Discussing the concept of recursion is like a rite of passage for anyone interested in language evolution: you go through it once, take a position and hope it doesn’t come back to haunt you. As Hannah pointed out last year, there are two definitions of recursion:
(1) embeddedness of phrases within other phrases, which entails keeping track of long-distance dependencies among phrases;
(2) the speciﬁcation of the computed output string itself, including meta-recursion, where recursion is both the recipe for an utterance and the overarching process that creates and executes the recipe.
The case of grammatical recursion (see definition 1) is perhaps most famously associated with Noam Chomsky. Not only does he claim all human languages are recursive, but also that this ability is biologically hardwired as part of our genetic makeup. Countering Chomsky’s first claim is the debate surrounding a small Amazonian tribe called the Pirahã: even though they show signs of recursion, such as the ability to recursively embed structures within stories, the Pirahã grammar is claimed not to recursively embed phrases within other phrases. If true, then are numerous implications for a wide variety of fields in linguistics, but this is still an unsubstantiated claim: for the most part, we are relying on one specific researcher (Daniel Everett) who, despite having dedicated a large portion of his life to studying the tribe, could very well have been misled. That said, I retain a large amount of respect for Everett, having watched him speak at Edinburgh a few years ago and read his book on the topic: Don’t Sleep, There are Snakes: Life and Language in the Amazonian Jungle.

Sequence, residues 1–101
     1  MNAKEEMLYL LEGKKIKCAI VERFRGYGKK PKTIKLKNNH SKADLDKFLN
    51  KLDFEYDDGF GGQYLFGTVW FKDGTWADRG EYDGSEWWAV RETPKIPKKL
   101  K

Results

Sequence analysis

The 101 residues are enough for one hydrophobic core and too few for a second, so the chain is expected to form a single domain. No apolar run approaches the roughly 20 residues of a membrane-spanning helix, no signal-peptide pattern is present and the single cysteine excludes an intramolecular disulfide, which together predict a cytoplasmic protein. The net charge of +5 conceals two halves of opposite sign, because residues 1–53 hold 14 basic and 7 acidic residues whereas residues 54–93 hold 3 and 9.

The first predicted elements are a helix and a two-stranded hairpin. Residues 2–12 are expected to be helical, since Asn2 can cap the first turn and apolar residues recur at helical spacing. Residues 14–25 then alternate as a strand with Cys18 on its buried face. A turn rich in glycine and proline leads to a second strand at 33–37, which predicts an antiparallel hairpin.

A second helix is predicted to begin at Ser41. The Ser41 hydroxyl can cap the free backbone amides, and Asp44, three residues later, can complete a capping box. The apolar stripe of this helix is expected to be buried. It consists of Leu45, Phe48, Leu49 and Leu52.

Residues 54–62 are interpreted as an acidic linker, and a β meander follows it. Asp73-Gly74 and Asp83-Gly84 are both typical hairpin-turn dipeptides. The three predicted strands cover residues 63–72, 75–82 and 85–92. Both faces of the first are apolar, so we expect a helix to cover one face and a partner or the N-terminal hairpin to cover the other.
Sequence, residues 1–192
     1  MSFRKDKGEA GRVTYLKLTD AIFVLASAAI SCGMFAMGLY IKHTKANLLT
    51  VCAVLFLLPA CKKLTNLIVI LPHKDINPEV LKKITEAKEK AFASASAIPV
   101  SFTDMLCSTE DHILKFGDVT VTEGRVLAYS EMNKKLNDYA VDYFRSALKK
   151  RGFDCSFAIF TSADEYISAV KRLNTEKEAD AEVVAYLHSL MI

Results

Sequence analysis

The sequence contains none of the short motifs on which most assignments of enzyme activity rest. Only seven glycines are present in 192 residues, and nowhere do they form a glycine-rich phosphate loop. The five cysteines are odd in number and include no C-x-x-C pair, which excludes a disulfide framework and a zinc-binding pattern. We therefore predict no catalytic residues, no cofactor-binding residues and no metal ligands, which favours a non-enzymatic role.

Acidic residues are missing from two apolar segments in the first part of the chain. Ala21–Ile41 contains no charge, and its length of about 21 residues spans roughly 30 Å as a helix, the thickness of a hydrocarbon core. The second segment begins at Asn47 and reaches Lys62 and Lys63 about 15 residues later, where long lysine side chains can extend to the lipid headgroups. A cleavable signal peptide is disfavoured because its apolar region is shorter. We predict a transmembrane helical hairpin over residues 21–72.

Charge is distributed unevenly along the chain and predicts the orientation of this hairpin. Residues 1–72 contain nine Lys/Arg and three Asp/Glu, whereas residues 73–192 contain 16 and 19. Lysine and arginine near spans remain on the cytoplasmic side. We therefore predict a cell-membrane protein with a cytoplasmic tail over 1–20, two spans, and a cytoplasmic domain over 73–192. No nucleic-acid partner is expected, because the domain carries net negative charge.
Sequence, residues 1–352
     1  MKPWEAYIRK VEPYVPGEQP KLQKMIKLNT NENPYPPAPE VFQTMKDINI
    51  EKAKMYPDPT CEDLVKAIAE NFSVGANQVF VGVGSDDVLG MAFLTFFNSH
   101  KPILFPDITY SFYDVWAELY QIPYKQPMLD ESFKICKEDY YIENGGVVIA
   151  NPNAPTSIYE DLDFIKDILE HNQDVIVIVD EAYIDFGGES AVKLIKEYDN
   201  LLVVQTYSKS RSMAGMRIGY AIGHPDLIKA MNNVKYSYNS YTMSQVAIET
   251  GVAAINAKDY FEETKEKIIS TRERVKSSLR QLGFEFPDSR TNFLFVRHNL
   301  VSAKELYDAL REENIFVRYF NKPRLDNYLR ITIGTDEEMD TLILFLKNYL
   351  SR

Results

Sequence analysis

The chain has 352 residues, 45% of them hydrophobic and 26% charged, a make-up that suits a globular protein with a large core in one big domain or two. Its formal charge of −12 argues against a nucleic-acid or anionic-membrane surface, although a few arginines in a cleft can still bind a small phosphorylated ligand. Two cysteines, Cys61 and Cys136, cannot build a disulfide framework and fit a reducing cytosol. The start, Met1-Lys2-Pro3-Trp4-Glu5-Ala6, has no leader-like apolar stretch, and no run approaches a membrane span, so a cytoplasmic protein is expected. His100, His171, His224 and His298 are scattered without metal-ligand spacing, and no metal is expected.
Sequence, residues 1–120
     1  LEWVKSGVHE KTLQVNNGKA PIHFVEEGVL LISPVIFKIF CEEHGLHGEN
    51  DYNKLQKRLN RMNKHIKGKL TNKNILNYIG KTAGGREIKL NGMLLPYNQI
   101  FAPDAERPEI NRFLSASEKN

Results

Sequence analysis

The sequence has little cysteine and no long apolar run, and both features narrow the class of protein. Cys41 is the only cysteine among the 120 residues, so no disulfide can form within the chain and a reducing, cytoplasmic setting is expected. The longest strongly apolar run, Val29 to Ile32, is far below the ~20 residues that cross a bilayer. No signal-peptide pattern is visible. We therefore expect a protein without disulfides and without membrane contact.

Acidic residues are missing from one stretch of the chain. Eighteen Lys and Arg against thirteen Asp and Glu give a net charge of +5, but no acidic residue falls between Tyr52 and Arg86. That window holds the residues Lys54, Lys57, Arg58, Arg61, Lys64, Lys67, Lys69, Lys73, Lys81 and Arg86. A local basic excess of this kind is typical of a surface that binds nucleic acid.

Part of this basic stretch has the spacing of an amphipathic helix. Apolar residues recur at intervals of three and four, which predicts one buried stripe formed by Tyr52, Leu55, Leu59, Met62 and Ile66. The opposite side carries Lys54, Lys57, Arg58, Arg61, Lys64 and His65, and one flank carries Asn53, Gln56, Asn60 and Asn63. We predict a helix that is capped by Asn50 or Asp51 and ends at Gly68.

So, why am I rambling on about recursion? Well, besides its obvious relevance, — and perhaps under-representation on this blog (deserved or not, I’ll let you decide) — Everrett has recently published a series of slides about a corpus study of Pirahã grammar (see below).
His tentative conclusion: there is no strong evidence for recursion among relative clauses, complement clauses, possessive structures and conjunctions/disjunctions. However, there is possible evidence of recursive structure in topics/repeated arguments. He also posits cultural pressures for longer or shorter sentences, such as writing systems (as I mentioned way back in 2009).
I’m sure this debate will be brought to the fore at this year’s EvoLang, with
Chomsky Berwick Piattelli-Palmarini and many of the Biolinguistic crowd in attendance, and it’s a shame I’ll almost certainly miss it (unless someone wants to pay for my ticket… Just hit the donate button in the left-hand corner 😉 ).
Update: Dan Everett highlighted there are other, perhaps more exciting mediums to explore his ideas (see comments, but I still feel you can’t beat a good slideshow). So, to add some jazz to this post, below is a video of the forthcoming film he mentioned, The Grammar of Happiness: